Shared Stories…

The British, Victorian prime minister, Benjamin Disraeli, considered himself to be a serious traveler. He said, “I have seen more than I remember and remember more than I have seen.” That statement is  a most cogent one in terms of life itself being a kind of journey, and I think it applies very well to how writers see the world, the one in which they travel physically, and the ones which they create through their authorship of stories, essays, poems, and books.

Life is a kind of time machine, but which travels in only one direction, at its own pace from birth to the grave, taking most of us through a series of visits to childhood, phases of other periods, like adolescence, marriage, careers, raising children, retirement, old age, and death. Along the way,  we make mental notes of people, places, sounds, smells, tastes, and other sensations, happy and sad, that we store away in those caverns of memory that become not only the sources of what we think, feel, and write, but of who we are.

The writer perhaps remembers (at least consciously) more detail from his experiences, but beyond that, he arranges them in patterns that express genuine human emotions through fears, hopes, and dreams that we all somehow share as a species. Also, the details in the writer’s mind may be rearranged, accommodating needs of plot, emotional catharsis,  and general design of the composition. Such recollection of detail comes from real life, but it is often put into new combinations and different orders, as in dreams. Writers also tend to create details, though they are not the only people to do this. Children are quite good at it too.

Everyone has a story to tell, and if we all had the chance to tell our stories (from the highest Nobel laureate to the vilest criminal), the world would probably be a much more peaceful place, because it would be based upon mutual understanding. In that sense, we are all writers, each with a tome of experience internalized over however many years he or she has lived, even though that tome may never become an actual printed book. Sometimes, walking down a street, riding in a plane, train, or buying groceries, I will look at another person briefly, wondering what his or her story might be, and I have the deep feeling that there would be no story that could be uninteresting if I could know all its connections and details.  Each of us is a combination of all the experiences he has ever had, every sensation, every encounter, every recollection, every heartache, and every joy. Imagine how different the world would be if everyone could share his complete story with everyone else. Perhaps that may be at least a part of what heaven is.  JB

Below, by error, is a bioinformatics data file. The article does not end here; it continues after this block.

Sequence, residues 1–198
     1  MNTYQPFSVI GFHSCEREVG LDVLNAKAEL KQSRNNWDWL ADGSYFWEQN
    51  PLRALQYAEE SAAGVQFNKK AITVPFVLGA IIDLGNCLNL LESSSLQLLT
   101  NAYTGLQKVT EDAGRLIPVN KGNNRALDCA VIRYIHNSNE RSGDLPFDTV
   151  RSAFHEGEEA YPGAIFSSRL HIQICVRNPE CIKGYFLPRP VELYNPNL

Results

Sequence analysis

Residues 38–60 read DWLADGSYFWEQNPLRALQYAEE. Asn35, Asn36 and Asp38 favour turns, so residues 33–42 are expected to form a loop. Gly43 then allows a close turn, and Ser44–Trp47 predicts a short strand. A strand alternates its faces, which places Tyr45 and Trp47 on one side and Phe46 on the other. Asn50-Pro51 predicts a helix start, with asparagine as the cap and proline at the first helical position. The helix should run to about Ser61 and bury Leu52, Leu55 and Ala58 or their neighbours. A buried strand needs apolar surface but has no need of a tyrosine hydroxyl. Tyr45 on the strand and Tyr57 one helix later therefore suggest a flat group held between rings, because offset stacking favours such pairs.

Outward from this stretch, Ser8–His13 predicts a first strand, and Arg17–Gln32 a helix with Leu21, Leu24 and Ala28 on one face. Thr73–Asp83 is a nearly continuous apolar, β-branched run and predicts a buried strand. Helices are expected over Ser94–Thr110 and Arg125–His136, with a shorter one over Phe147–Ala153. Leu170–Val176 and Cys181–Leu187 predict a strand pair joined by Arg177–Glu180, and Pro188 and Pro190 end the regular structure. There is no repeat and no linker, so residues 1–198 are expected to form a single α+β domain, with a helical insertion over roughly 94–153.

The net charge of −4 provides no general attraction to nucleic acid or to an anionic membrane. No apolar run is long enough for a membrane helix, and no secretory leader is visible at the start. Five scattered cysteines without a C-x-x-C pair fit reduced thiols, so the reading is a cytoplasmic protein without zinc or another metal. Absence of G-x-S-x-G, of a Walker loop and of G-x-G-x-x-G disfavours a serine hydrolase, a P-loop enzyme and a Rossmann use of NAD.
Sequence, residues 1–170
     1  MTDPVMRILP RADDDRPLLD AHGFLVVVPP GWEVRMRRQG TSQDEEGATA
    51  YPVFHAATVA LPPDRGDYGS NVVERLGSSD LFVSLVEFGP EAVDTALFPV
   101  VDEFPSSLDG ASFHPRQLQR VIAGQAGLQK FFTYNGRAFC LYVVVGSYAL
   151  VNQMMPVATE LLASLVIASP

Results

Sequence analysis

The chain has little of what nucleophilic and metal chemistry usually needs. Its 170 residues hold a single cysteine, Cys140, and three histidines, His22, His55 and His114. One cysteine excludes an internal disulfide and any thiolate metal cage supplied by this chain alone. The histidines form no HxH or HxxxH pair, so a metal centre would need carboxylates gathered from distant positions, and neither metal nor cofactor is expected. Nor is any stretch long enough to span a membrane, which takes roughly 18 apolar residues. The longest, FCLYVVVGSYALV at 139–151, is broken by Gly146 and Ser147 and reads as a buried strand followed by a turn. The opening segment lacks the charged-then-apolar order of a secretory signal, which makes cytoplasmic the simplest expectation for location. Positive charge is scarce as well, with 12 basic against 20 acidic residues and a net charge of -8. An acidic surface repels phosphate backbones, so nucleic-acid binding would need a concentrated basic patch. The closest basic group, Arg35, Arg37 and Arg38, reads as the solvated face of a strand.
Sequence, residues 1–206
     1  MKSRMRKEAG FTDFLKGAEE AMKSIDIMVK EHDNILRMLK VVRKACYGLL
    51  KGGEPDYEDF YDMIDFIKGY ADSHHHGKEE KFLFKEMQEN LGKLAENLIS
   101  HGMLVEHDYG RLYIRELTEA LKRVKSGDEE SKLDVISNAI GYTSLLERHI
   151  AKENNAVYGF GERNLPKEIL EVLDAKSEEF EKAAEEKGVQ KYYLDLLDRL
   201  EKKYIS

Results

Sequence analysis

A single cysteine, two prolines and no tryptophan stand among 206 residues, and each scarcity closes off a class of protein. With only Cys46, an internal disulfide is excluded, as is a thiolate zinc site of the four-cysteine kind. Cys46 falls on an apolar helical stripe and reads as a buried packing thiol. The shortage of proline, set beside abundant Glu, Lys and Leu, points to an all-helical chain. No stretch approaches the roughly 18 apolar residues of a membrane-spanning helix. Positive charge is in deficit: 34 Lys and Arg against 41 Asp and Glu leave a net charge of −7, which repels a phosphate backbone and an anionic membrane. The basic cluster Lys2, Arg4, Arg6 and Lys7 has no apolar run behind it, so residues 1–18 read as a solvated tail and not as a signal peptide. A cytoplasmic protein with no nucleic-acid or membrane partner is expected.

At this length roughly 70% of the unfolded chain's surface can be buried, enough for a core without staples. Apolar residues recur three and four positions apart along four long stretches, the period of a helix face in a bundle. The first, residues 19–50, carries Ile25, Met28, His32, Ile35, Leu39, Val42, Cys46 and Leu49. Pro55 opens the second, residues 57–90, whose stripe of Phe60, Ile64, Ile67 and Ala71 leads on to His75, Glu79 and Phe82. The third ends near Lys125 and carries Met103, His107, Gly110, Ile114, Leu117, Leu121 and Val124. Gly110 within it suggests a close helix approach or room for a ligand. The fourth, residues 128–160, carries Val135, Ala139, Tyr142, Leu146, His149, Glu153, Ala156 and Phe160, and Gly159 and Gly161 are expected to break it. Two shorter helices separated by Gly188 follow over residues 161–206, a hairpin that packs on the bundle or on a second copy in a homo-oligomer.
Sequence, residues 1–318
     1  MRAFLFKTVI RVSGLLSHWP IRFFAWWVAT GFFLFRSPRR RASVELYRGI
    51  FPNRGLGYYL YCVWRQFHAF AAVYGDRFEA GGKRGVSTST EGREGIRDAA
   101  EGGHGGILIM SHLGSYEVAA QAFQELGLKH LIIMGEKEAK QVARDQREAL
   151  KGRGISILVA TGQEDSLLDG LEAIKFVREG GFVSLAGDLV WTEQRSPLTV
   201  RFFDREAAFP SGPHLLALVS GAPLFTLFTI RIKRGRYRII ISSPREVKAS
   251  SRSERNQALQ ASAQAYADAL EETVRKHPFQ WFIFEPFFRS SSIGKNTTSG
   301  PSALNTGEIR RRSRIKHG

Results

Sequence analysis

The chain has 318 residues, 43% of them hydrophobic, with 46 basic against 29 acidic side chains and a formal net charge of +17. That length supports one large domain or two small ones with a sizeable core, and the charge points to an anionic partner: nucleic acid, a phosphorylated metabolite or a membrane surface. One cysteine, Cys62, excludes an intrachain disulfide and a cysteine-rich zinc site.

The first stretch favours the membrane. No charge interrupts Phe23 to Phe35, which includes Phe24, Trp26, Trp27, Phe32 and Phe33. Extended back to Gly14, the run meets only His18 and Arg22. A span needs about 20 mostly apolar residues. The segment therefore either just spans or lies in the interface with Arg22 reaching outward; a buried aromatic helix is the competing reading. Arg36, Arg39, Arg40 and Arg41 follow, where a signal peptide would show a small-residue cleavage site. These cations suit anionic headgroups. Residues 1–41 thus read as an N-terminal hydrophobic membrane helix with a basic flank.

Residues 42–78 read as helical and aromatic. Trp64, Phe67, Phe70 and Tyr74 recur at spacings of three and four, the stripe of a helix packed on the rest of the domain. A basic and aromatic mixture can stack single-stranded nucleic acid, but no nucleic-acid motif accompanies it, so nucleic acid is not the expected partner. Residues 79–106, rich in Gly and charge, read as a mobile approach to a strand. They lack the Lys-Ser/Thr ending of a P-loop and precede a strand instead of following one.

About John

John Bolinger was born and raised in Northwest Indiana, where he attended Ball State University and Purdue University, receiving his BA and MA from those schools. Then he taught English and French for thirty-five years at Morton High School in Hammond, Indiana before moving to Colorado. He spends his winters in Pompano Beach, Florida. Besides COME SEPTEMBER, Journey of a High School Teacher, John's other books are ALL MY LAZY RIVERS, an Indiana Childhood, and COME ON, FLUFFY, THIS AIN'T NO BALLET, a Novel on Coming of Age, all available on Amazon.com as paperbacks and Kindle books. Alternately funny and touching, COME SEPTEMBER, conveys the story of every high school teacher’s struggle to enlighten both himself and his pupils, encountering along the way, battles with colleagues, administrators, and parents through a parade of characters that include a freshman boy for whom the faculty code name is “Spawn of Satan,” to a senior girl whose water breaks during a pop-quiz over THE LAST OF THE MOHICANS. Through social change and the relentless march of technology, the human element remains constant in the book’s personal, entertaining, and sympathetic portraits of faculty, students, parents, and others. The audience for this book will certainly include school teachers everywhere, teenagers, parents of teens, as well as anyone who appreciates that blend of humor and pathos with which the world of public education is drenched. The drive of the story is the narrator's struggle to become the best teacher he can be. The book is filled with advice for young teachers based upon experience of the writer, advice that will never be found in college methods classes. Another of John's recent books is Mum's the Word: Secrets of a Family. It is the story of his alcoholic father and the family's efforts to deal with or hide the fact. Though a serious treatment of the horrors of alcoholism, the book also entertains in its descriptions of the father during his best times and the humor of the family's attempts to create a façade for the outside world. All John's books are available as paperbacks and Kindle readers on Amazon, and also as paperbacks at Barnes & Noble. John's sixth and most recent book, Growing Old in America: Notes from a Codger was released on June 15, 2014.
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One Response to Shared Stories…

  1. Nancy says:

    Yes, I liked your last statement and thought: Sharing our stories may be what heaven is like. We are all reduced to the same basic needs and wants and we all have a story to tell. I wish and hope younger people would understand this sooner rather than later. We are all here for a reason, our own special calling. I just ran across this quote which I loved: “The place God calls you to be is the place where your deep gladness and the world’s greatest hunger meet.” It’s from a book called Wishful Thinking by Frederick Buechner.

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